Your Best Body Meal Plan

Eating the right food — at the right time — is crucial to getting the body you want. Oxygen makes it easy with meal plans designed around your workouts.
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Whether your goal is weight loss, endurance or preparing for a contest, your preworkout and postworkout meals can make or break your success. Increasing your endurance, for instance, requires a whole different nutritional approach than if you’re trying to build muscle. That’s why we’ve broken down the diet advice into five specific goals. Choose your goal and get started!

Goal 1: Endurance

You need to be adequately fueled for endurance workouts lasting longer than an hour, says Amy Goodson, MS, CSCS, CSSD, Dallas Cowboys sports dietitian and co-author of Swim, Bike, Run, Eat: The Complete Guide to Fueling Your Triathlon (Fair Winds Press, 2014). “In general, you want to eat two to four hours before your workout to have fuel for training. Meals should be largely carbohydrates, some protein, and lower in fat and fiber, which can cause gastrointestinal distress.”

2 to 4 Hours Before Your Workout

Your plate should include half complex carbs (e.g., sweet potato, brown rice), a quarter lean protein (e.g., grilled meats, egg whites) and a quarter of easier-to-digest vegetables.

Sample Meal: Eat 2 to 3 ounces of turkey with a slice of 2 percent cheese, lettuce, tomato and 2 tablespoons hummus on two slices of whole-wheat toast, plus 6 ounces low-fat Greek yogurt with ½ cup berries and ¼ cup granola, baby carrots and 20 ounces of water.

30 Minutes Before Your Workout

Carbohydrates and some protein should be on the menu, Goodson says. Consume 5 to 10 ounces of water or a sports drink (best on hot days to restore electrolytes).

Sample Snack: Eat a whole-grain granola bar and a few almonds, banana and a string cheese or a small protein bar. Pair each with a 5- to 10-ounce sports drink.


Eat 45 minutes after your workout or sooner, then follow it up with a more complex meal within two hours, Goodson says. Aim for a 4-1 ratio of carbs to protein. “Simple carbohydrates work best because they digest quickly and promote recovery faster when paired with a protein powder high in branched-chain amino acids,” Goodson says.

Goal 2: Muscle Building

In order to gain muscle, you have to eat more calories than what you need to maintain your weight, Goodson says. “You can eat all the protein in the world, but without adequate calories, you will not gain muscle.” Preworkout and postworkout meals should aim for 2 grams of protein per kilogram of bodyweight or close to a gram of protein per pound of bodyweight. Increase your calories with quality foods such as complex grains (quinoa, couscous, oats, etc.), lean protein and fatty fish along with other healthy fats like nuts and nut butters.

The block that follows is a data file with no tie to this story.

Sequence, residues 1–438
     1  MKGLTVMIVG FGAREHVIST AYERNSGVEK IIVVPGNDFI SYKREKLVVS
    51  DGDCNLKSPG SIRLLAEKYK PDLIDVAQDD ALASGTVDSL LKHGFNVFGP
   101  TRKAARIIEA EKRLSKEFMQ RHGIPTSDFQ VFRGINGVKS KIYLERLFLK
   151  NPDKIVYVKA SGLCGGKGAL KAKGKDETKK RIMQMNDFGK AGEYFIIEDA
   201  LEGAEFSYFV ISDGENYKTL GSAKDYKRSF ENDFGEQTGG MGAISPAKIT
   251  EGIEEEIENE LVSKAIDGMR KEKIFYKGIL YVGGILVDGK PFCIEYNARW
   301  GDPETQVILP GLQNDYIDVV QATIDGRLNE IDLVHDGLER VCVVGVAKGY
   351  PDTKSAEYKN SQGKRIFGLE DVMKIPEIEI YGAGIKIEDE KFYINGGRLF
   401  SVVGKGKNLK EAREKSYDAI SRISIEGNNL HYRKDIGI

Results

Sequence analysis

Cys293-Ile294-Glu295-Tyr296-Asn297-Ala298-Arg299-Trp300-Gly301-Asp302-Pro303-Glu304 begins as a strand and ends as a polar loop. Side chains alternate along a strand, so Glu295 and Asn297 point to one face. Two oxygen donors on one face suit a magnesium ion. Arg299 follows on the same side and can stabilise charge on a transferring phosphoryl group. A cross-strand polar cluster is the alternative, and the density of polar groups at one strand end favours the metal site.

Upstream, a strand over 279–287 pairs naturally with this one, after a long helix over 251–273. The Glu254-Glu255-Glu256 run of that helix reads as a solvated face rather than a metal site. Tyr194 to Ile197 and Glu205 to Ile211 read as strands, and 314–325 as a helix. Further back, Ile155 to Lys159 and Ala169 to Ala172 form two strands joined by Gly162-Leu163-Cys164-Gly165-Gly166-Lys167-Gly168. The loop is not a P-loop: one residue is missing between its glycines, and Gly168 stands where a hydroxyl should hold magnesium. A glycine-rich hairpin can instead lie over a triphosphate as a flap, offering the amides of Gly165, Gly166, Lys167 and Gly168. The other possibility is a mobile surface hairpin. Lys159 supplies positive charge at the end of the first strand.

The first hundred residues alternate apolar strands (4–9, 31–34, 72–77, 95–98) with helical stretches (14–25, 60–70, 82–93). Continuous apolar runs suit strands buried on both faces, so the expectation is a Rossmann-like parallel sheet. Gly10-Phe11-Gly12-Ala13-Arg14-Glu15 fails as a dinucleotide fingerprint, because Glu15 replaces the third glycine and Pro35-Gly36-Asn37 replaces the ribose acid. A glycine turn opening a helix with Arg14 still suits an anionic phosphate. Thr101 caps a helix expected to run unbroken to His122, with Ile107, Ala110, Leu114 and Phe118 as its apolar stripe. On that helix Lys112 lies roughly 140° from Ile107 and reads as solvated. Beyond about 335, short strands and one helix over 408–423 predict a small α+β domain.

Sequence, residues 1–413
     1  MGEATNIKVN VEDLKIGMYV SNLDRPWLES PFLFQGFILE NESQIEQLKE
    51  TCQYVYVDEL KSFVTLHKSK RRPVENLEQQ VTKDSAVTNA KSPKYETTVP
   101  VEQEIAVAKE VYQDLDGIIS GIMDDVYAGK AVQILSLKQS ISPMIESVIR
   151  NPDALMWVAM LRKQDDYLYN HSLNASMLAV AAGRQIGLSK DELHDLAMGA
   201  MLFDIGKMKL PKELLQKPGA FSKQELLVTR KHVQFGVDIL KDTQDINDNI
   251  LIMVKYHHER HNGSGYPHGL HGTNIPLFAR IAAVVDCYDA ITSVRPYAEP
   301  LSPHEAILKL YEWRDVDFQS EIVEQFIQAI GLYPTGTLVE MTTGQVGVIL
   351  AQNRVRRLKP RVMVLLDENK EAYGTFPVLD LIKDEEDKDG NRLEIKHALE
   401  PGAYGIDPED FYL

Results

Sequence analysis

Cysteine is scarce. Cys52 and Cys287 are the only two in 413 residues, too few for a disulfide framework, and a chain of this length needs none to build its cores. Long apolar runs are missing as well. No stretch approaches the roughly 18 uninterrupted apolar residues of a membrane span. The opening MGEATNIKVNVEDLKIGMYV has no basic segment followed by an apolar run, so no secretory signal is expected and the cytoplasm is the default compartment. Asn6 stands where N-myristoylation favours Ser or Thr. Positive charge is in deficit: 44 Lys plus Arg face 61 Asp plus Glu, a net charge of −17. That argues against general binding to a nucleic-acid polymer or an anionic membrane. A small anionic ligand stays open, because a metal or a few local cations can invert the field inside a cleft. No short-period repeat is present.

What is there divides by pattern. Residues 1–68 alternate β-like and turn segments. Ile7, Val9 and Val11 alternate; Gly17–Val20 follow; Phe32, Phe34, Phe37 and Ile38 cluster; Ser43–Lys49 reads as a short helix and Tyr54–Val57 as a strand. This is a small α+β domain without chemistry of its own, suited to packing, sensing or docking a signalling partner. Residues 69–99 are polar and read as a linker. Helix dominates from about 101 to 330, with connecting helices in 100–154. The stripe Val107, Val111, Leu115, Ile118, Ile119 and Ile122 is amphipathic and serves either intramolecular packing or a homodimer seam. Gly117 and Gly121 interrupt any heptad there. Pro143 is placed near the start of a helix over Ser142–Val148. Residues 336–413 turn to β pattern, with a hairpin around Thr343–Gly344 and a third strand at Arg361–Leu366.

2 to 4 Hours Before Your Workout

An ideal meal contains complex carbohydrates, lean protein and veggies with a plate of one-third complex carbohydrates, one-third protein and one-third vegetables, Goodson says. “Add a dairy item to this meal to up the protein content and contribute calcium.”

Sample Meal: Eat 4 to 5 ounces grilled salmon, 1¼ cup quinoa, 1¼ cup veggies and 8 ounces low-fat milk or ½ cup low-fat cottage cheese, and drink 16 to 20 ounces of water.

30 Minutes Before Your Workout

Eat a small snack. “The goal would be some carbohydrates and quality protein,” Goodson says. In addition to drinking 5 to 10 ounces of water, a sample snack may be half a turkey sandwich on whole-wheat bread and a few almonds; or beef/turkey jerky and a piece of fruit; or 6 ounces low-fat Greek yogurt with berries.

Yogurt and Berries


Eat something within 45 minutes of completing your workout and follow with a more complex meal two hours later, Goodson says. Aim for a 2-1 ratio of carbs to protein. Consuming 20 to 25 grams of quality protein jump-starts muscle rebuilding after a workout. Replenish with simple carbs, rebuild with whey protein and rehydrate with fluid.

Sample Postworkout Snack: Mix 1 scoop whey protein with water, 1 banana and 1 cup berries and blend together; or mix 8 ounces low-fat chocolate milk with ½ scoop whey protein; or eat one protein bar with 40 grams carbohydrates and 20 grams protein. Drink water with each of these snacks.

Goal 3: Drop the Last 5 Pounds